With authentic German cuisine, a silent disco and an offer of a free beer stein to all attendees, LOToberfest will bring a little Volkskultur to Victoria.
The Ascot Lot, boasting the area’s largest Biergarten, is one of Northside Melbourne’s street food icons. In typically Melburnian fashion, the Lot’s 150-seat drinking hall is built entirely from recycled material and furnished with handcrafted seating and fixtures. This year, the Lot will be transformed into a miniature Munich that will aim to have Melburnians singing an ode to joy.
“LOToberfest is the first Oktoberfest event to be held in Moonee Valley, with an emphasis on community and an intimate setting,” Ascot Lot owner Jacob Bettio says. “There’ll be food trucks galore, a unique Bavarian atmosphere, a silent disco along with cheap German Biers on tap. We wanted to put on an Oktoberfest event that is affordable, and accessible to all.”
Another LOToberfest first will be the silent disco led by DJs Lloyd Jones and Fragile Future. Attendees will be able to pick up a pair of headphones and dive into a party atmosphere worthy of a Weimar-era cabaret without waking the neighbours.
“We wanted to throw something a little different into the mix,” Bettio says. “Guests who are wanting to party a little harder can chuck on a set of headphones and escape to a dance party straight out of Munich.”
“Durst wird durch Bier erst schön,” goes the traditional German quip: “Through beer, thirst becomes beautiful.” LOToberfest will be putting this principle to the test with an array of beers on tap, including offerings from Rodenbach and König Pilsener.
Rodenbach, a Belgian brewery specialising in Flemish red ale, is renowned for its Caractère Rouge double-matured beer, flavoured with raspberries and cherries. Also on tap will be König pilsener, a popular German brew noted for its malty flavour and subtly bitter herbal notes. For the less adventurous, a standard array of Australian beers will also be offered.
LOToberfest will also be attended by a fleet of food trucks who will whet attendees’ thirst with pretzels, bratwurst, and other quintessential Deutsche delicacies. A Fritz’s Wieners truck will be on hand with their signature frankfurter served on a toasted baguette. An eclectic new addition to the Fritz’s menus is the “currywurst,” a sliced mild bratwurst topped with sauerkraut, tomato sauce and curry powder. Even Schopenhauer would have admitted that, with a pilsener in one hand and a currywurst in the other, life is worth living.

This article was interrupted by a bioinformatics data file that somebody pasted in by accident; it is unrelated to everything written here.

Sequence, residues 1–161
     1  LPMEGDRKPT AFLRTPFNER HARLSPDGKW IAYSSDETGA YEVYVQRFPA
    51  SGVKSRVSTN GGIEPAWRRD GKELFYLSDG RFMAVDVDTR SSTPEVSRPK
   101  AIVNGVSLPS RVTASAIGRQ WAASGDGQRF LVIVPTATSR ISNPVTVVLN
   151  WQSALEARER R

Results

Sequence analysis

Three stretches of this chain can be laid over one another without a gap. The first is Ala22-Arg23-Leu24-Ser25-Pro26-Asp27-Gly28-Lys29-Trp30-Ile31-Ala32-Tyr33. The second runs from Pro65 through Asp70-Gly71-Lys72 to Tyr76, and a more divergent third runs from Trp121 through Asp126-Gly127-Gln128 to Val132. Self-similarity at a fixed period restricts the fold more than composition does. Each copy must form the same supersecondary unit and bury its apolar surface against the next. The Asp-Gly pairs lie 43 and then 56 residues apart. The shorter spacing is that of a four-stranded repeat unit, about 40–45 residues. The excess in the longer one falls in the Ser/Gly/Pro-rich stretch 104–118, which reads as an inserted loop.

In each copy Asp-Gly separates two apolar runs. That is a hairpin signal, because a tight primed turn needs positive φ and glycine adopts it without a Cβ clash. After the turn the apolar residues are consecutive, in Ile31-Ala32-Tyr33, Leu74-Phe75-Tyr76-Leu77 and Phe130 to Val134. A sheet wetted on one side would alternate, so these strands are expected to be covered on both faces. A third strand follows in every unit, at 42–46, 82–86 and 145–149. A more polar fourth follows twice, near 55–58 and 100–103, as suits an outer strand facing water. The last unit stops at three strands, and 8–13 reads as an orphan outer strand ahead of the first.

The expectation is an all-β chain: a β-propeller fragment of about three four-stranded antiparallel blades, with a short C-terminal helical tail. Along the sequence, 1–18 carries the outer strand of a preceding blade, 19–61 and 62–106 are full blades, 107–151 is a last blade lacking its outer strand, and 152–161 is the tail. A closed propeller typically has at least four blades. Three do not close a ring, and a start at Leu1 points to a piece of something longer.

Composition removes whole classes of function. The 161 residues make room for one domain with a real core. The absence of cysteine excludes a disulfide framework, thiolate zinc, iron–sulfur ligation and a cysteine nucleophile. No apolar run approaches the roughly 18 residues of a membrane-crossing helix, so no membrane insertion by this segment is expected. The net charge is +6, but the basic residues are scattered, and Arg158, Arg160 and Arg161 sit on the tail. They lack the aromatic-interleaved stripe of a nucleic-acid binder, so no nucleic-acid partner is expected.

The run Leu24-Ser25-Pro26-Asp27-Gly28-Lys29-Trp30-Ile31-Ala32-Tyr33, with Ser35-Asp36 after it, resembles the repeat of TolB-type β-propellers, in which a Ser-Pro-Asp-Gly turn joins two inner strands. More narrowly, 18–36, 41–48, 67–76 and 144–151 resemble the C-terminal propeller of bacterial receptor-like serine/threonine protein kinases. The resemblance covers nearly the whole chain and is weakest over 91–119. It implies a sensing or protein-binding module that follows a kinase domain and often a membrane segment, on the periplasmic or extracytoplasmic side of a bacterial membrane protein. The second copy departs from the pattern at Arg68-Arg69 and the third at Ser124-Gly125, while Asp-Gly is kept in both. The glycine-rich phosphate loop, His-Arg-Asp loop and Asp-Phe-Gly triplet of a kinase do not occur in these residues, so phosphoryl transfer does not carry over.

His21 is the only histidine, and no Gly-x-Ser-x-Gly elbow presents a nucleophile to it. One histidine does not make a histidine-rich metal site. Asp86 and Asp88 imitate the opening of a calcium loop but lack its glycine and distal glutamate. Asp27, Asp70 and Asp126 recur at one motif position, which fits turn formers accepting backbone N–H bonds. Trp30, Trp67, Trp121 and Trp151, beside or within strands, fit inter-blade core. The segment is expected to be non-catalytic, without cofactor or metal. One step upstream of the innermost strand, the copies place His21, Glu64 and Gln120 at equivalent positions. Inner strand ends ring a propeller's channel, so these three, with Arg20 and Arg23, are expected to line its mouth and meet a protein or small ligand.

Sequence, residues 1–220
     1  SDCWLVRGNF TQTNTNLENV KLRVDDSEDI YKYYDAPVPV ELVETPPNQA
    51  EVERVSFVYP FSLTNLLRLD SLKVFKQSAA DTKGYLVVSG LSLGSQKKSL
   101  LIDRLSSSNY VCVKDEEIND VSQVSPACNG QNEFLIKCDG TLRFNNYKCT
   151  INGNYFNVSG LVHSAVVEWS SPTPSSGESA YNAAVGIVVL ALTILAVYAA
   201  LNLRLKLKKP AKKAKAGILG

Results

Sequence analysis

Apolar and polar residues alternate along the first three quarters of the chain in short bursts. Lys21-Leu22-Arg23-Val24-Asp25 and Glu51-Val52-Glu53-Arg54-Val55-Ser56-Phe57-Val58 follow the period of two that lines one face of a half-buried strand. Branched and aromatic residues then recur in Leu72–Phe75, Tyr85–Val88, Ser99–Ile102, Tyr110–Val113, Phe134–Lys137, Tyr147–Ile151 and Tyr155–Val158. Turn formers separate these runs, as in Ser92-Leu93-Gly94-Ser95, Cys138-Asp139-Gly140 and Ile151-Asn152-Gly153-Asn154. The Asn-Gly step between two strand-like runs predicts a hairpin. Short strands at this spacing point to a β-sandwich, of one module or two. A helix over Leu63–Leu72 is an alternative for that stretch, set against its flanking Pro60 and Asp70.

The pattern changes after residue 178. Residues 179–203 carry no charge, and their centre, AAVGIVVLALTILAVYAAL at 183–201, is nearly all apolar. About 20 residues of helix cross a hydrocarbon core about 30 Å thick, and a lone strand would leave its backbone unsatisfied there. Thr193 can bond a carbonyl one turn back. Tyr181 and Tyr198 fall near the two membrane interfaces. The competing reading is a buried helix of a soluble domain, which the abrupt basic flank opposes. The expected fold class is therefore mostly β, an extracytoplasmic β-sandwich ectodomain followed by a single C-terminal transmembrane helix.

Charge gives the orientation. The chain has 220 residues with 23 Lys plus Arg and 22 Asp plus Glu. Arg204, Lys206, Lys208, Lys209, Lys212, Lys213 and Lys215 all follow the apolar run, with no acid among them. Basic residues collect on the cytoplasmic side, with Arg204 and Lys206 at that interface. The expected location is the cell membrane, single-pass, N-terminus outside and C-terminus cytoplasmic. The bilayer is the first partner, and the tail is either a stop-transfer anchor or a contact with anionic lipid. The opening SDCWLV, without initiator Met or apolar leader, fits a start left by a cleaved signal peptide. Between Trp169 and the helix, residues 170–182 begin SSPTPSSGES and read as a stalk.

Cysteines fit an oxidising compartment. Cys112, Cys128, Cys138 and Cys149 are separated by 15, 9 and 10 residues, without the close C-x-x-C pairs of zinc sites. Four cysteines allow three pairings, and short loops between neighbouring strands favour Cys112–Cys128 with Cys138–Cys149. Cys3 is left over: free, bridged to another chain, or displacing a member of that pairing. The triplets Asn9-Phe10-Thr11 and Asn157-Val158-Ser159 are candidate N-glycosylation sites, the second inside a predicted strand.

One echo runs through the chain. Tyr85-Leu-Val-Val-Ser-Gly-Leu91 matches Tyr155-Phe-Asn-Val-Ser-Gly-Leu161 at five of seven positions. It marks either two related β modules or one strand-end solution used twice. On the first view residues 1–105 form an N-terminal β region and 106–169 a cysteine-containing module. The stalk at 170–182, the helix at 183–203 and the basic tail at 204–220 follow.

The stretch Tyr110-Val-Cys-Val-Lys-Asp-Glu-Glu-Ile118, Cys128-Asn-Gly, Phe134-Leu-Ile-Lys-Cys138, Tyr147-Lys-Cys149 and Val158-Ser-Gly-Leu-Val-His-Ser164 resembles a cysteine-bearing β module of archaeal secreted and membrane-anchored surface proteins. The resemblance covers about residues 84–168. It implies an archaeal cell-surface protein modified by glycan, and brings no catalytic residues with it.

The Oktoberfest tradition has been celebrated since the marriage of the Bavarian Prince Ludwig in 1810. Since then, it has evolved into a celebration of Bavarian brewing culture and communal fraternity not at all alien to Australia. If this first LOToberfest meets expectations, it could become a recurring event.
“Guests will experience authentic German Bier and food, with a uniquely Melbourne twist,” Bettio says. “At The Lot, we never take ourselves too seriously, so our main goal is always to create an atmosphere where guests can kick back for the day and spend time with good company.”
Ascot Vale’s first silent disco will be led by DJs Lloyd Jones and Fragile Future. Special headphones will allow attendees to rock out without drawing noise complaints. DJ Lloyd Jones specialises in electro and house remixes, and has performed in clubs across Greece and the UK. Jones has appeared at the Big Reunion and the Naughty Reunion, two of the UK’s largest indoor winter festivals. He has also DJed in prominent venues including Pacha in Spain and Altromondo Studios in Remini, Italy.
Beer on Tap
A variety of Oktoberfest classic beers, including brews from Westphalia’s König Brewery. The original König pilsener is distinguished by its pale colour and ample, frothy head. Typical of Bavarian-style pilsener, König pilsener displays notes of lemon and honey, with a slight yeasty undertone. Also available will be beers from Rodenbach Brewery. Rodenbach’s classic ale is recognised for its unique fruity and slightly sour taste, reminiscent of a red wine. Rodenbach ales are aged in oak casks, and are known for their distinctive red hue. Traditional Bavarian-style beers are well matched to pretzels, bratwurst dishes, and other German Bierhaus cuisine.
The quintessentially bratty food truck seen in Melbourne, Sydney and Brisbane, Fritz’s Wiener’s specialises in German sausages served on toasted baguette bread. The standard Fritz’s frankfurter is non-spicy and can be served topped with sauerkraut, onion, tomato sauce or mustard. Other popular Fritz’s dishes include the spicy bratwurst and the mild bratwurst, both 150g beef-and-pork sausages, smoked over the wood of the manuka tree. Esoteric Fritz’s dishes include the double banger, which includes two frankfurters or bratwursts, and the currywurst, combining bratwurst and sauerkraut with tomato sauce and curry powder. Fritz’s Wieners has previous catered Australia Day celebrations at the Sydney Opera House, the Meatstock music and barbecue festival, and Sydney’s Chrome Fest auto show.